Many living things are able to fall under unfavorable conditions for living in a near-death state, but that's not it. At the same time, breathing, heart palpitations and other vital processes are so slow that they can only be detected with special equipment. This condition is called a suspended animation. And a group of scientists from the US began artificially introducing people to this state to save their lives.
To enter a person in a suspended animation
Not so long ago, a new, innovative technology was tested in the US that quickly cools patients with serious injuries to gain more time for the surgery. Physicians at the University of Maryland in Baltimore initially put people in a state of suspended animation that The Guardian reported recently at a symposium at the New York Academy of Sciences.
The process itself involves slowing the brain down to a temperature of less than 10 degrees Celsius by replacing the patient's blood with ice-cold saline. Typically, the solution is pumped directly into the aorta, the main artery that carries the blood from the heart to the rest of the body. Officially known as "Emergency Preservation and Resuscitation," this procedure is being tested on people who suffer such catastrophic injuries, threatened with deadly bleeding, and on people who have a serious heart attack and simply can not receive medical attention as quickly as possible ,
Patients who are often victims of puncture wounds, shootings or massive heart attacks usually have a chance of survival of less than 5%, says dr. Samuel Tisherman from the University of Maryland in Baltimore, one of the authors of the work. At least one patient has already completed this procedure.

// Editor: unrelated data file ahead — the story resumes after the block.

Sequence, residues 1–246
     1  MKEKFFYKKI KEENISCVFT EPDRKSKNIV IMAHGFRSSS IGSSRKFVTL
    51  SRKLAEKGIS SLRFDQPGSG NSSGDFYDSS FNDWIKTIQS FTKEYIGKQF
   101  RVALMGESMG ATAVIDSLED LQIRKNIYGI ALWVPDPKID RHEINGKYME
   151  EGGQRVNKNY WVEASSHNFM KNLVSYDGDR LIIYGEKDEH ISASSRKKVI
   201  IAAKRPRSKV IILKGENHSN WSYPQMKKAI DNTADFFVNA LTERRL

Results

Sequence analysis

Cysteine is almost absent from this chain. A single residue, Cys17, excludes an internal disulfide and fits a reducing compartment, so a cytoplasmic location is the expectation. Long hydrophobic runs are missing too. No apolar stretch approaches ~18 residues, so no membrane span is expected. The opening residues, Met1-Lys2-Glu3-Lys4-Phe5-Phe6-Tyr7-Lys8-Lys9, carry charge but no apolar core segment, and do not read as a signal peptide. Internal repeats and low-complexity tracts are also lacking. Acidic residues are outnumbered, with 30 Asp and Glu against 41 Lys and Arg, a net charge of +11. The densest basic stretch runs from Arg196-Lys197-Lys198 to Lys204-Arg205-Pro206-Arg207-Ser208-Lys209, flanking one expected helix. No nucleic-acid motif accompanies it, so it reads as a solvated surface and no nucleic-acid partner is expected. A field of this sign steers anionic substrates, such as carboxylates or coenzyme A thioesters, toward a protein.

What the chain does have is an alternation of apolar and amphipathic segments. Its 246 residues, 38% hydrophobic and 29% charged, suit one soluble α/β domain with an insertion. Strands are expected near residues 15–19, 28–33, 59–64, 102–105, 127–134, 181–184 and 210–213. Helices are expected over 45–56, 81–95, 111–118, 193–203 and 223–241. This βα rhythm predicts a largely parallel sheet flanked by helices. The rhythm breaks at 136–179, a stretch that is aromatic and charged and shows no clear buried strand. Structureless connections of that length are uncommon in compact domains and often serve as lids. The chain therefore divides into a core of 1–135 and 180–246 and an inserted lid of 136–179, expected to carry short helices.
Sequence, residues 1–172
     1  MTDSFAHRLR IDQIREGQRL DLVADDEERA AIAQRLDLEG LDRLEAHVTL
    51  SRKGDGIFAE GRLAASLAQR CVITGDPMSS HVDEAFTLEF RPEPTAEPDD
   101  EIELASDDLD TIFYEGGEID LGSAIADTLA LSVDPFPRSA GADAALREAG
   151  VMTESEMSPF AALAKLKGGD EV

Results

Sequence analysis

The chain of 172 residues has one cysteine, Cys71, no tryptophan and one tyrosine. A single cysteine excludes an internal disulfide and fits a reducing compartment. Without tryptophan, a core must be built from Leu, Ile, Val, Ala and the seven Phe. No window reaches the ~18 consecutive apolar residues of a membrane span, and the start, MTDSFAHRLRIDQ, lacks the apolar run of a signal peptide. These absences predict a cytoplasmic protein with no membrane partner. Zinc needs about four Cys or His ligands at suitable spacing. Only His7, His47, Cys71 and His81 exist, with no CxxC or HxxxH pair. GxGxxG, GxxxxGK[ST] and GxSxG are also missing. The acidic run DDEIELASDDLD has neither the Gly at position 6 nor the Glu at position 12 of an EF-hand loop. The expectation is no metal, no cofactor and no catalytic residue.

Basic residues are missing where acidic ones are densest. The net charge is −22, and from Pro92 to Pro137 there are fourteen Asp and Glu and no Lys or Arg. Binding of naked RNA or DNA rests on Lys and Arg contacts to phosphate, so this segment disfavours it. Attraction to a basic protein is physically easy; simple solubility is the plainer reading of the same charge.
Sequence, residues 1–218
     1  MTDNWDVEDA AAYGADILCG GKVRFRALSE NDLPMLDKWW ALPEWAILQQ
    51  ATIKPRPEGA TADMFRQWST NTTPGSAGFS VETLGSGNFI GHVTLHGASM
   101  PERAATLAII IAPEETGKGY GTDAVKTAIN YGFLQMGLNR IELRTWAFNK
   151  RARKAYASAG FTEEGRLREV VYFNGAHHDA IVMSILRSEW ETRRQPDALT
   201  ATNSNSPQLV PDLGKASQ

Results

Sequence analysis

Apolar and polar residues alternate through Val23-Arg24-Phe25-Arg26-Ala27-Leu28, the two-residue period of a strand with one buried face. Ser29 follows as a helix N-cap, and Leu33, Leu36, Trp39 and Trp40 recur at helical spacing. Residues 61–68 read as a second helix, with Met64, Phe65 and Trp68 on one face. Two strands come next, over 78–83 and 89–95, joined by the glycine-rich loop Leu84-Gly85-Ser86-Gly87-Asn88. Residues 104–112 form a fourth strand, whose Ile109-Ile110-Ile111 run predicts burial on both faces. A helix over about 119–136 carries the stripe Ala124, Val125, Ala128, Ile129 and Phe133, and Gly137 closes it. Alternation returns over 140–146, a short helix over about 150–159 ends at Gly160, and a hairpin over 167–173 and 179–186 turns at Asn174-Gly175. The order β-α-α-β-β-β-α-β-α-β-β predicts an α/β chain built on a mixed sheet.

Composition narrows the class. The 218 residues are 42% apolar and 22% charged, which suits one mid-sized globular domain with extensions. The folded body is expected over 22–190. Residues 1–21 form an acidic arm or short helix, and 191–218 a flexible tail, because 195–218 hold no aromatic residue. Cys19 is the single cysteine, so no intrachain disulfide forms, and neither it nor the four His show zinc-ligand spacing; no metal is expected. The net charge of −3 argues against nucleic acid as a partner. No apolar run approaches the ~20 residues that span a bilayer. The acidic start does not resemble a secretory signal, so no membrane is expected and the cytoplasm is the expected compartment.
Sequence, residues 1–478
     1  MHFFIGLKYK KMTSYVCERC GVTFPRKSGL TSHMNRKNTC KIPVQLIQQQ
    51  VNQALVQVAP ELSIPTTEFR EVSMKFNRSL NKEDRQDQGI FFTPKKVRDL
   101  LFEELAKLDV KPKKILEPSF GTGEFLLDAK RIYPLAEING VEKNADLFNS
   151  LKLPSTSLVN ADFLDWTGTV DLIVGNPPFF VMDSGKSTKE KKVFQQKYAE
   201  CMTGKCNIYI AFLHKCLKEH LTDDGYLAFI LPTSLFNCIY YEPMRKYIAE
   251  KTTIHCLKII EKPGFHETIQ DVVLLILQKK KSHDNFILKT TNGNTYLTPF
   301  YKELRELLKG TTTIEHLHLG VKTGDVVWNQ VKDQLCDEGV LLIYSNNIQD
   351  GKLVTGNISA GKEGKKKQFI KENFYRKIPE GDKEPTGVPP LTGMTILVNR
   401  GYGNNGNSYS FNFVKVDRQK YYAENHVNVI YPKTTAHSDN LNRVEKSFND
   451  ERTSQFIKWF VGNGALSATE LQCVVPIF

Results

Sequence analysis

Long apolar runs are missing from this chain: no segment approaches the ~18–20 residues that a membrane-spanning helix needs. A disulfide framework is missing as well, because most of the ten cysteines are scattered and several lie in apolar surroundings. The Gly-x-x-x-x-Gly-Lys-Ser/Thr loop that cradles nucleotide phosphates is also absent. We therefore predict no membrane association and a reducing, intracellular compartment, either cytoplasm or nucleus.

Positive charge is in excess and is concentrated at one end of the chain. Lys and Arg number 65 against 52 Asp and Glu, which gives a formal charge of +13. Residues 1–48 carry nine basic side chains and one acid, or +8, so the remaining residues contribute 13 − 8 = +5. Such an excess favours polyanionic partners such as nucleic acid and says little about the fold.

Rapid cooling of the victims is said to reduce brain activity until the brain almost completely stops and slows the patient's physiology. This is sufficient to give the surgeon valuable minutes to perform an operation. One of the goals of the American study is to reduce the damage to the brain that patients often suffer from severe injuries due to blood loss or internal organ damage. What do you think about the perspectives of the new technology? Write about it in our chat in telegram.
One of the complications of this procedure, however, is that the patient's cells may be damaged during warm-up after surgery to end the condition of the interrupted animation. Further experiments compare the results of 20 men and women, some of whom receive standard emergency care and some who are immersed in a suspended animation state. The test should be completed before the end of the year, but conclusions are not expected until 2020.
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It is worth noting that the new technology is fundamentally different from the usual anesthetic and artificial coma. The fact is that the last two manipulations are usually done with the help of medication. Of course, there are ways to introduce artificial coma by cooling, but in this case the so-called "general cooling" of the body is applied from the outside, rather than the introduction of frozen plasma by American scientists.
Scientists have also raised the issue of interstellar travel, as the suspended animation is a near-ideal "candidate" for the immersion of astronauts for the duration of the flight. However, NASA experts believe that complete hibernation for interstellar travel is a long way off. Instead, the US Space Agency is looking for ways to put astronauts into a state of sleep rather than freeze them, slowing their metabolism as well.